David Stanners Peder Bosch Ann Dom Peter Gabrielsen David Gee Jock Martin Louise Rickard and Jean Louis Weber

Over the past 10 years the European Environment Agency (EEA) has published assessments and indicators on most European environmental issues. These assessments and indicators are changing to reflect the increasingly cross-cutting nature of new environmental issues such as water management, biodiversity and ecosystem services, climate change and biofuels, health, and chemicals. Assessments are also needed to capture changes across the enlarged European Union (EU)—which covers more socially, economically, and biogeographically diverse countries—to cover longer time spans, and to include more scenario analyses and models. These new and increasingly demanding challenges put a spotlight on the manner and underlying assumptions of knowledge creation.

In this context, this chapter presents some key EEA frameworks that underpin the approaches taken to build environmental data, information, and indicators. These frameworks have already proved useful to the EEA and others and appear to be robust. However, to help improve and extend their application to complex and persistent environmental problems, we welcome extended peer review as a step toward their improvement.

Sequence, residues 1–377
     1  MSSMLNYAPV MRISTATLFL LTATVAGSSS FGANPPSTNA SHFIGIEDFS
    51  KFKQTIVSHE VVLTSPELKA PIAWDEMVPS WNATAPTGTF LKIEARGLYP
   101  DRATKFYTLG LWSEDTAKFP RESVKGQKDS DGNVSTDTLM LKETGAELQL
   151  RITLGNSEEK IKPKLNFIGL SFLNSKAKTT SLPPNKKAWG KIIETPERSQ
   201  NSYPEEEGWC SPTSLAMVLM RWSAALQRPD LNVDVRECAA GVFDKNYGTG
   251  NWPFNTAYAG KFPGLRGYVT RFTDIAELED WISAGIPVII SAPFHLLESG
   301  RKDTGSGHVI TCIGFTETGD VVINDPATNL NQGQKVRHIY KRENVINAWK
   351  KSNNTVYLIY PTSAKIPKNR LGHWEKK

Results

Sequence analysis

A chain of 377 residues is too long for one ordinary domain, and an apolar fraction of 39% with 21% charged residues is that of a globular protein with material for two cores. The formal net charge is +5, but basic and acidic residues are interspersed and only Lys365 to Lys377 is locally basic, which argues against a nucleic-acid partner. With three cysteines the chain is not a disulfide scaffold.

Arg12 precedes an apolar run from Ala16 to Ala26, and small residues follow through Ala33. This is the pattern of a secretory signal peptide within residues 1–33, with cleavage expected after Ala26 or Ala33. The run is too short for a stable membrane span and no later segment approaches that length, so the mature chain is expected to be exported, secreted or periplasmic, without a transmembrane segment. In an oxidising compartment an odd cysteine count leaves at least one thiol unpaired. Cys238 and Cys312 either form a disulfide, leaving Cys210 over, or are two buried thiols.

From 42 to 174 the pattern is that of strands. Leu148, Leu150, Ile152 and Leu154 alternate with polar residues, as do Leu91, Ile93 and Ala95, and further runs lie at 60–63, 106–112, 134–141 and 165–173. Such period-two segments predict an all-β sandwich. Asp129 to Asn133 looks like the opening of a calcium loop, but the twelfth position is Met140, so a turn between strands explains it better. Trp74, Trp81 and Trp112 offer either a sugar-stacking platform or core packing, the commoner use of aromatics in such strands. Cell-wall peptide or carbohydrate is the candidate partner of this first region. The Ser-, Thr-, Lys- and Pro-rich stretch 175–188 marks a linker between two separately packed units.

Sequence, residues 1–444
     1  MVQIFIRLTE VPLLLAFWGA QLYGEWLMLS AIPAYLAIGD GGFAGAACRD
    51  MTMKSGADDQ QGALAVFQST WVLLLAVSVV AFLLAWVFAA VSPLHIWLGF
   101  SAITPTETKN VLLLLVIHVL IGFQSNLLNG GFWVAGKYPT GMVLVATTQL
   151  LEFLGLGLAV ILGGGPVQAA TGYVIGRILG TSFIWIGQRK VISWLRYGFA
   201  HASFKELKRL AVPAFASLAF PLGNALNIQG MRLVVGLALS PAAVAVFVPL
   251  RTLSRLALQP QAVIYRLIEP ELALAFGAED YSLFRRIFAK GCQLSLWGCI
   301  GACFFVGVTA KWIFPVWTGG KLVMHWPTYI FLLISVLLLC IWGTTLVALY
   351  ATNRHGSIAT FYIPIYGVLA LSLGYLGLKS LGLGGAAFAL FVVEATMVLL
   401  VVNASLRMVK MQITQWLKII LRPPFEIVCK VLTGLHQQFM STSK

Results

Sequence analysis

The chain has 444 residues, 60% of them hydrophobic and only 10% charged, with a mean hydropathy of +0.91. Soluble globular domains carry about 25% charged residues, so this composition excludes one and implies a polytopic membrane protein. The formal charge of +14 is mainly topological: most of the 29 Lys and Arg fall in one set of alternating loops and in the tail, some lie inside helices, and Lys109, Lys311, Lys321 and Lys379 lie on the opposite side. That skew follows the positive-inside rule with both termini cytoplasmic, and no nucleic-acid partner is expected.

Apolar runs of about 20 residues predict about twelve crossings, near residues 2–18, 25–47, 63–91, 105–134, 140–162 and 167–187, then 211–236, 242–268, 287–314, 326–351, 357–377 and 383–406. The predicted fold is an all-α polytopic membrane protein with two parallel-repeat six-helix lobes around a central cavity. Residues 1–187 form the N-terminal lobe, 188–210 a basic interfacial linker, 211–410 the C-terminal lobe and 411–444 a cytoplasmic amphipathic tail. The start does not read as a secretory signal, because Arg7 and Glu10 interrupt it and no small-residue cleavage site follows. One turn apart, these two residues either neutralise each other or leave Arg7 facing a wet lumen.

Why do we need frameworks? Applying frameworks to analyze and structure information helps us move from data to information and on to the structured knowledge needed to elucidate environmental and sustainability issues and to design effective responses. However, experience shows that available knowledge is not systematically put to use in policy: "Policy-makers only take that knowledge in consideration that does not cause too great tension with their values. . . . These values are embedded in 'policy frames' or 'policy theories.' Knowledge that does not fit into these policy theories is not agreeable and will be discarded" (Veld 't 2004:83).

Therefore, the purpose of these frameworks is to help improve the organization, structuring, and analysis of environmental information, to increase the use of information and the consistency of its handling, to minimize mishandling, and to help avoid gaps in analysis and assessments. "If the principal actors do not agree about the problem definition, the values that are at stake and the knowledge that is thought to be relevant, we consider the problem unstructured" (Veld't 2004:83). Thus, if we gain agreement on frameworks, information generated based on them has a greater chance of acceptance, improving the effectiveness of associated indicators and assessments. Work in this area contributes to the framing of complex environmental problems and helps policymakers frame sound and effective policy measures.

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